Phelipanche ramosa is the most damaging obligate flowering parasitic weed on wide species of cultivated plants. The semi-arid regions of the world are considered the main centers of this parasitic plant that causes heavy infestation. This is due to its production of high numbers of seeds (up to 200,000) that remain viable for extended periods (up to 20 years). In this study, 13 treatments for the control of Phelipanche were carried out, which included agronomic, chemical, and biological treatments and the use of resistant plant methods. In 2014, a trial was performed at the Department of Agriculture, Food and Environment, University of Foggia (southern Italy), on processing tomato (cv ‘Docet’) grown in pots filled with soil taken from a field that was heavily infested by P. ramosa). The tomato seedlings were transplanted on May 8, 2014, into a sandy-clay soil (USDA). A randomized block design with 3 replicates (pots) was adopted. During the growing cycle of the tomato, at 70, 75, 81 and 88 days after transplantation, the number of P. ramosa shoots emerged in each pot was determined. The tomato fruit were harvested on August 8, 2014, and the quantitative and qualitative parameters were determined. All of the data were subjected to analysis of variance (ANOVA) using the JMP software (SAS Institute Inc. Cary, NC, USA), and for comparisons of means (Tukey's tests). The data show that each treatment studied did not provide complete control against P. ramosa. However, the virulence of the attacks was mitigated by some of the treatments tried: radicon biostimulant, compost activated with Fusarium, mineral fertilizer nitrogen, sulfur, enzone, and the resistant tomato genotype. It is assumed that these effects can be improved by combining some of these treatments with each other, especially for a gradual and continuing reduction of the “seed bank” of the parasite in the soil.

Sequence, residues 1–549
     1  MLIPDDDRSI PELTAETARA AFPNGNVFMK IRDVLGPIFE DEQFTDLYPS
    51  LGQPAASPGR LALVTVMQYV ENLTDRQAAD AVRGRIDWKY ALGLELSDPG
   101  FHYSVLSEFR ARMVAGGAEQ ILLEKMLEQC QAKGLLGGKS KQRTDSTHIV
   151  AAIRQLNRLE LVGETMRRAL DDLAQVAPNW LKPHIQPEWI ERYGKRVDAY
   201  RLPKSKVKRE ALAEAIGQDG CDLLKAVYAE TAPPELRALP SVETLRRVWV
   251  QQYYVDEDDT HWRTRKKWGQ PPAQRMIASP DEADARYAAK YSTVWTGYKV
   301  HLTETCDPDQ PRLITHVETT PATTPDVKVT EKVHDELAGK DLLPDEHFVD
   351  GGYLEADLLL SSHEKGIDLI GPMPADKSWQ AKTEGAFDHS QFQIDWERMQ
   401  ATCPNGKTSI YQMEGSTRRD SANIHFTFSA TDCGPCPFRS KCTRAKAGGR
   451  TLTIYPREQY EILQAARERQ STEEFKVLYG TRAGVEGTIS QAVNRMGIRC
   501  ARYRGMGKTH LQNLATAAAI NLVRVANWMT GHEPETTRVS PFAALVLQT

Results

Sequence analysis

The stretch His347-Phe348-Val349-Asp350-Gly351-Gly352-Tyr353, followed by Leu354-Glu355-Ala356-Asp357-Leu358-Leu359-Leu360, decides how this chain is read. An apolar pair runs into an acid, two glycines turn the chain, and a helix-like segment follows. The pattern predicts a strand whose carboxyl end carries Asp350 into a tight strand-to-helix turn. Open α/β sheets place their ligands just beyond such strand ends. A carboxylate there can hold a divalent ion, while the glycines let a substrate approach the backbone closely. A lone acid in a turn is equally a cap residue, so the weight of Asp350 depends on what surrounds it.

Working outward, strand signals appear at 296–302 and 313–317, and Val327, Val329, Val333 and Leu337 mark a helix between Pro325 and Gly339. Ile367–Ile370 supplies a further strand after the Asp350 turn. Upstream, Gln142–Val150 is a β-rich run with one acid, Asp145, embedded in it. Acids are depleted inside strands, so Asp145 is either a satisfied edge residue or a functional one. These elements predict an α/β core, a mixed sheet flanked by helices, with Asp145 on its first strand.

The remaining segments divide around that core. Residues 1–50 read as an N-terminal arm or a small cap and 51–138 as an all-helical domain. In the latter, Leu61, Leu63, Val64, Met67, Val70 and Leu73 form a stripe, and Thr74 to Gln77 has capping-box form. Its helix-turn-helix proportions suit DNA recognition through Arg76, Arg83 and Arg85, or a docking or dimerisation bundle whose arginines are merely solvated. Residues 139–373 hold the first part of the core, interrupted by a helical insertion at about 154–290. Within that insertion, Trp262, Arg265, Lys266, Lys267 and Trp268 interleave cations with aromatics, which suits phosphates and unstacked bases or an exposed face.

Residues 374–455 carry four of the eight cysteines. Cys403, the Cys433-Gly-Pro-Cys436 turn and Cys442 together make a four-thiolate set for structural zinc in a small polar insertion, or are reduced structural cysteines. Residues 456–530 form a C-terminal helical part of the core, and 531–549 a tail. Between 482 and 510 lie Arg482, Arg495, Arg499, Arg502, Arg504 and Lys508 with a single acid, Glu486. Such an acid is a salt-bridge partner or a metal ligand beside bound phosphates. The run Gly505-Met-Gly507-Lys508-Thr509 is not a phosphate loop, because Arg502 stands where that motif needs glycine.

The tomato is a very important crop, whose cultivation in the Mediterranean basin is severely affected by the phytoparasitic weed Phelipanche ramosa. The semiarid regions of the world are considered the main areas where this parasitic weed is established causing heavy infestation as it is able to produce high numbers of seeds (up to 500,000 per plant), which remain viable for extended period (more than 20 years). In this paper the results obtained from eleven treatments in order to control this parasitic weed including chemical, agronomic, biological and biotechnological methods compared with the untreated test under two plowing depths (30 and 50 cm) are reported. The split-plot design with 3 replicates was adopted. In 2014 a trial was performed in Foggia province (southern Italy) on processing tomato (cv Docet) grown in the field infested by Phelipanche ramosa. Tomato seedlings were transplant on May 5, on a clay-loam soil. During the growing cycle of the tomato crop, at 56-78 and 92 days after transplantation, the number of parasitic shoots emerged in each plot was detected. At tomato harvesting, on August 18, the major quantity-quality yield parameters were determined (marketable yield, mean weight, dry matter, pH, soluble solids and color of fruits). All data were subjected to analysis of variance (ANOVA) and the means were compared by Tukey's test. Each treatment studied did not provide complete control against Phelipanche ramosa. However, among the different methods tested, some of them which Fusarium, gliphosate, radicon biostimulant and Red Setter tomato cv (improved genotypes obtained by Tilling technology) under deeper plowing (50 cm depth) proved to mitigate the virulence of the Phelipanche ramose attacks. It is assumed that these effects can be improved combining some of these treatments each other, especially for a gradual and continuing reduction of the “seed bank” of the parasite in the soil.